Enlarged Prostate is a condition found in men, in which their prostate gland grows, leading to narrowing of urethra, a tube which transports urine to the penis from the bladder, and causing problems in passing of urine. It is one of the common problems faced by men above 60 years of age.
It is also known as Benign Prostatic Hyperplasia (BPH) in medical terms.
Initially, when the prostate gland becomes bigger, the muscle of the bladder becomes thick, powerfully pushing out urine through a narrow urethra. The bladder muscle, however, becomes sensitive, and the urine may come frequently and suddenly as the bladder is not able to empty itself fully due to squeezing of urethra.
Blockage of urethra due to enlarged prostate may lead to frequent urinary tract infections and even result in kidney or bladder damage. Due to Enlarged Prostate, the affected person may also suffer from Acute Urinary Retention, a condition in which the accused is unable to urinate.
An increase in the number of cells may lead to the growth of the prostate gland, which is as small as a walnut. Though the exact reason for the sudden increase in the cells is not known, androgens (male hormones), growth factors and estrogens may be some of the factors which lead to increase in number of cells (Hyperplasia).
Some of the symptoms of the Enlarged Prostate are more frequent urination, blood in urine, a weak stream of urine, leaking of urine and dribbling of urine, especially after urination. The patient of Enlarged Prostate may face difficulty in starting urination and may feel the strong urge to urinate, especially at night. He may also feel that his bladder is not empty.
As a preventive measure, all men above 50 years of age should get their prostate checked by their physician every year whether they have the symptoms of Enlarged Prostate or not. The digital rectal exam is conducted by the doctor by inserting a finger into the rectum to know about the size and the presence of lumps, if any, and to know whether the patient has prostate cancer.
The doctor may also conduct analysis of your urine to check for any signs of infection. He may also conduct blood test to check the level of prostate-specific antigen, which will indicate whether the patient has prostate cancer, and another test to check for any kidney problems.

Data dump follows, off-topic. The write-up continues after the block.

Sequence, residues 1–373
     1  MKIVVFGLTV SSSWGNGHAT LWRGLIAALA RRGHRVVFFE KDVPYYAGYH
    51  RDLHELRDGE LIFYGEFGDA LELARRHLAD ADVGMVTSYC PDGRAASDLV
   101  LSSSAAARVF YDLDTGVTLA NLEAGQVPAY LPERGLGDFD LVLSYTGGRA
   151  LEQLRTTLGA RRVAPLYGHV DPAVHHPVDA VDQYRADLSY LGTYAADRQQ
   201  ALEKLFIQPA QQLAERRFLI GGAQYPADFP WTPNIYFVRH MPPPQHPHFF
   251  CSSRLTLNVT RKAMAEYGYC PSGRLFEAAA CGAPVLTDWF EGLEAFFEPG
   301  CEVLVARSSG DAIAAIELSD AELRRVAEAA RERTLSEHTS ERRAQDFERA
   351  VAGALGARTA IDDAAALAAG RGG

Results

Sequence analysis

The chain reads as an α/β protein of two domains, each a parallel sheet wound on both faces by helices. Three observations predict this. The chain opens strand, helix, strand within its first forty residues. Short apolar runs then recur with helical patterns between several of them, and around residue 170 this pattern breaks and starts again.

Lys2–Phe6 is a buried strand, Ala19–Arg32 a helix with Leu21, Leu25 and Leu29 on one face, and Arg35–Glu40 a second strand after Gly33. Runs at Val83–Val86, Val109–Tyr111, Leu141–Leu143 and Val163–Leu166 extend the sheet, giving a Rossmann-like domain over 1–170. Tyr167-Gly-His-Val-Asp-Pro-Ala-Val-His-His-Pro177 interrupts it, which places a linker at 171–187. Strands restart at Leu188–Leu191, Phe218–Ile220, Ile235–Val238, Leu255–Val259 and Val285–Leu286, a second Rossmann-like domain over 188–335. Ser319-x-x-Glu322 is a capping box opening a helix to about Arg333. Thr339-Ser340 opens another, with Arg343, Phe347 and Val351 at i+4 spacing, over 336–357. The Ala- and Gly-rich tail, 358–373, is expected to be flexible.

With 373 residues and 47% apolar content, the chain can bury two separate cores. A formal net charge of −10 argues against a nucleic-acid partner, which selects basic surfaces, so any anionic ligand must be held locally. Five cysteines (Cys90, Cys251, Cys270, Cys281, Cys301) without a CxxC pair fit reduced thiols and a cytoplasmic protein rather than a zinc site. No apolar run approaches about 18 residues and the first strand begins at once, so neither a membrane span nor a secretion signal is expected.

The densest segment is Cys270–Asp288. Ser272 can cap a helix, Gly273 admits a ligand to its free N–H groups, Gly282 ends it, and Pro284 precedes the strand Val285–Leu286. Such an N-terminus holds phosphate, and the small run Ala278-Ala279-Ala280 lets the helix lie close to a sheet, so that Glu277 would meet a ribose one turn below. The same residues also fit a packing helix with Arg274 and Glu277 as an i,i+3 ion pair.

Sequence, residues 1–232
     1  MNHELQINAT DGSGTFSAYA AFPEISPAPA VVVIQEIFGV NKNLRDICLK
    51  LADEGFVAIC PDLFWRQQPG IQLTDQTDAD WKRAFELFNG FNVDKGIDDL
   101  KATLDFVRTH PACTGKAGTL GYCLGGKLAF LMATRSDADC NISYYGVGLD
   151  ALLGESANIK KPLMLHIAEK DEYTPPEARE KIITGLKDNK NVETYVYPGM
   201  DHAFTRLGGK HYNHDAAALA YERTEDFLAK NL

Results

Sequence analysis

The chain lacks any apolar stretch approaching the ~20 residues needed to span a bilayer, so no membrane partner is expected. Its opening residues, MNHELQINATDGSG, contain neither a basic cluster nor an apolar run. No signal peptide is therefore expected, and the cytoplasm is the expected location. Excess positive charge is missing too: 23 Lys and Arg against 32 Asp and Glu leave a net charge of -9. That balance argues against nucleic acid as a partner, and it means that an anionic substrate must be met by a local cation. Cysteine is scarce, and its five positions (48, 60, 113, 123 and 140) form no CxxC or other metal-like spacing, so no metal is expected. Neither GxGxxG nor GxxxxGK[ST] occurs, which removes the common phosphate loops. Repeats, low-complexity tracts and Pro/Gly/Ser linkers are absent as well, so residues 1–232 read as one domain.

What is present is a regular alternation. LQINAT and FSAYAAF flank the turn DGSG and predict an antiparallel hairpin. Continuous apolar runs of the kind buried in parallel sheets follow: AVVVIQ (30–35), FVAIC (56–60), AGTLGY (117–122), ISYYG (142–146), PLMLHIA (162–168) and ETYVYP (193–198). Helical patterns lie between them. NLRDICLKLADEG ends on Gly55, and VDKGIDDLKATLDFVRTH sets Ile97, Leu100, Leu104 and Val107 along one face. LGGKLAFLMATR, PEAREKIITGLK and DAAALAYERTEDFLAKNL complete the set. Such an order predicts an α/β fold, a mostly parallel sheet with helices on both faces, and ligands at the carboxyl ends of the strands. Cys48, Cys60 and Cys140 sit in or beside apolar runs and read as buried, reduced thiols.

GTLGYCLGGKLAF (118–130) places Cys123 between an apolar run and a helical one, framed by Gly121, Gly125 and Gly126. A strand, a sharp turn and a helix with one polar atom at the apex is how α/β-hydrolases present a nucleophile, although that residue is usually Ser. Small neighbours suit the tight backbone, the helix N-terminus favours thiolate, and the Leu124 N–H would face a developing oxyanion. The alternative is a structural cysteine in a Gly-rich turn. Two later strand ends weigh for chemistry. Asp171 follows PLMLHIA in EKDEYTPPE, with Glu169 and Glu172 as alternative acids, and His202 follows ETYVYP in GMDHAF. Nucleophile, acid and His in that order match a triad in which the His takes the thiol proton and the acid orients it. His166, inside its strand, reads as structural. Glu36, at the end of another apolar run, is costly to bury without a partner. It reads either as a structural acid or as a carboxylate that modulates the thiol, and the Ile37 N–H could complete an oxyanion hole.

After the prostate enlargement is diagnosed, the doctor will recommend the treatment depending on the severity of the symptoms of the patient. If the symptoms are mild, he may not suggest any immediate treatment. For moderate symptoms, he might recommend medications while for severe symptoms, he may recommend both surgery and medications.
Transurethral incision of the Prostate (TUIP) is also conducted in which small cuts are made in the prostate with the help of an instrument which is passed through urethra. Some new treatments – Transurethral Microwave Thermotherapy (TUMT), Transurethral Needle Ablation of the Prostate (TUNA) and Interstitial Laser Coagulation – are also performed in which some portions of the prostate tissues are killed by heating the tissues. As a result, the prostate shrinks, relaxing the symptoms and removing the obstruction.
Photovaporization of the Prostate (PVP) is another popular treatment in which innermost portion of the prostate is removed with the help of laser. The main advantage of the PVP surgery is that it immediately removes the tissues, leading to early relaxation of symptoms.
Enlarged Prostate is a part of the aging process; so, it cannot be prevented. However, it is advisable to avoid drinking any liquid after 1800 hrs so that the patient does not urinate frequently at nights. Drinking at least eight glasses of water every day may help in preventing the infection. However, men, who urinate quite frequently, should drink water or other fluids depending on their thirst only.
Enlarged Prostate is a part of the aging process but can be treated if diagnosed at the right time.